Links between Switzerland and the New England region of the United States are to be given a boost on Tuesday with the official opening of the Swiss House, a high-tech consulate in Cambridge, Massachusetts.This content was published on October 10, 2000 - 22:26
It is being billed as the first consulate in the world exclusively dedicated to Science, Research and Education. It is also the first digital consulate, acting as a link between the scientific, academic and high-tech communities of Switzerland and New England.
The Swiss government says this represents a new diplomatic strategy and is a direct response to the global economy and high-tech innovations.
"This project is set in the heart of one of the world's most efficient science and technology hubs," says Charles Kleiber, State Secretary at the Swiss Science Agency.
"Science has always been global, but all too often science policies have remained national." he says. "Our vision is the close link between global and local."
Several fruitful collaborations already exist between companies and universities in Switzerland and those in the Boston area, but a great deal of misunderstanding about Switzerland remains.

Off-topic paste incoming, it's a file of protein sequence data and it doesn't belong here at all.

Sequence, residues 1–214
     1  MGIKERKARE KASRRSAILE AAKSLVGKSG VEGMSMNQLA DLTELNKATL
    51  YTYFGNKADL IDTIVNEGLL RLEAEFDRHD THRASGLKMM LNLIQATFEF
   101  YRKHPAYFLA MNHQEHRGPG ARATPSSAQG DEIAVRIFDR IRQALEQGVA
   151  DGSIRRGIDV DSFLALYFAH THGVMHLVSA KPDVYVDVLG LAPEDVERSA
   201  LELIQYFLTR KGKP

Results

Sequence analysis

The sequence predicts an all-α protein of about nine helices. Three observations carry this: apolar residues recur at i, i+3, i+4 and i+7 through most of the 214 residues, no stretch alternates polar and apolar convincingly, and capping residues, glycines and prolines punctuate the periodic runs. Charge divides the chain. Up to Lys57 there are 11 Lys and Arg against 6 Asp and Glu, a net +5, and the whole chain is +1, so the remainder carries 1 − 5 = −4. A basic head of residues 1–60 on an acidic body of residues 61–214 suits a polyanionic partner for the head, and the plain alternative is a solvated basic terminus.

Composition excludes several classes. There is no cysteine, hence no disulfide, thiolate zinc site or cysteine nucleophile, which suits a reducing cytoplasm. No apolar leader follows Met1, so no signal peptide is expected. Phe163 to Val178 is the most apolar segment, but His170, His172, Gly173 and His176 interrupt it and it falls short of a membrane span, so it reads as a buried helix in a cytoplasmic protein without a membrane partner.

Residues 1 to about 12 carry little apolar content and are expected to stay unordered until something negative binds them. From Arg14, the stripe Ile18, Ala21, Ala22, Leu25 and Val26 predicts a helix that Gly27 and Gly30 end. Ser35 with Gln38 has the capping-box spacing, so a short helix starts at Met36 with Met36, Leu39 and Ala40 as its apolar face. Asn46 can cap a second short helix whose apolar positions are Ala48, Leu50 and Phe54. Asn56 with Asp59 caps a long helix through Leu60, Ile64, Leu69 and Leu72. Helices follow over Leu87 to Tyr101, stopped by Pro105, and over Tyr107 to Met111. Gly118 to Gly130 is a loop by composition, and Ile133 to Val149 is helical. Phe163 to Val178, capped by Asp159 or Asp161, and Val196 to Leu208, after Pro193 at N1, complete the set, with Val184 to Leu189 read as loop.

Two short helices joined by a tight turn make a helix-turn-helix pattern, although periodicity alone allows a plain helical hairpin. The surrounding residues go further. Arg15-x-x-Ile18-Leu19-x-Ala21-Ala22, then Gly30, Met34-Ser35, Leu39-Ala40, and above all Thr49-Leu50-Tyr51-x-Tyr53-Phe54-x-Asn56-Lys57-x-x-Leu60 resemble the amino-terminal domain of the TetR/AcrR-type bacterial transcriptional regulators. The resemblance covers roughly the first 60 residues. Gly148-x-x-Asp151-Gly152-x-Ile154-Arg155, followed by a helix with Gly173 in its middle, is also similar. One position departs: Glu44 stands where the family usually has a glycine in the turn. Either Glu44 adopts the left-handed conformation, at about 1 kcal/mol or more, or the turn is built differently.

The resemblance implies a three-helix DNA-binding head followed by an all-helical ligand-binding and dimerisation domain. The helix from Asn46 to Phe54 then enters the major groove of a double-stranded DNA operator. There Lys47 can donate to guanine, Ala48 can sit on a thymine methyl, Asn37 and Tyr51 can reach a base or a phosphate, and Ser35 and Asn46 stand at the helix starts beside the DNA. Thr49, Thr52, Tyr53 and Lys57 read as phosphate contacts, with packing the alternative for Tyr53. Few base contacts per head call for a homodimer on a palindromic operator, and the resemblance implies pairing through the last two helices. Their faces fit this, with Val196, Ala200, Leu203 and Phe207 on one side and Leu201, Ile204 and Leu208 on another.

When Americans are asked to name a Swiss product they are still more likely to say a Swiss army knife or chocolate than pharmaceuticals, financial services or biotechnology. The Swiss House is looking to change that.
The Swiss House for Advanced Research and Education (Share), to give it its full name, aims to be a focal point for the Swiss academic and business community in the northeast of the United States.
It also says it wants to be a "one-stop shop" for American scientists and high-tech companies that want to develop research and development projects with Swiss partners.
"It's all about creating a network between professors, researchers, students and businessmen from both countries," says Swiss Consul, Xavier Comtesse, who points out that hundreds of Swiss study and work in Boston's universities and high-tech companies.
As well as fostering links between academic institutions, "Share" will also help start-ups and small businesses gain access to both Swiss and American markets, thanks to its "virtual incubator". It will also invite young Swiss entrepreneurs to spend two weeks in Boston to learn about the new economy at first hand.
The Swiss House occupies one floor of a building near Harvard Square in Cambridge. It has been conceived as a "global village", where exchanges can happen physically through brainstorming sessions and networking events, or digitally, thanks to state-of-the-art video conference facilities and the "virtual Swiss House" on the Internet.
It was decided to establish the Swiss House in the Boston area because of the high concentration of universities and high-tech companies there. Massachussetts has over 100 higher education institutes, including Harvard and the Massachusetts Institute of Technology, and the venture capital industry in the area is second only to Silicon Valley.
by Roy Probert
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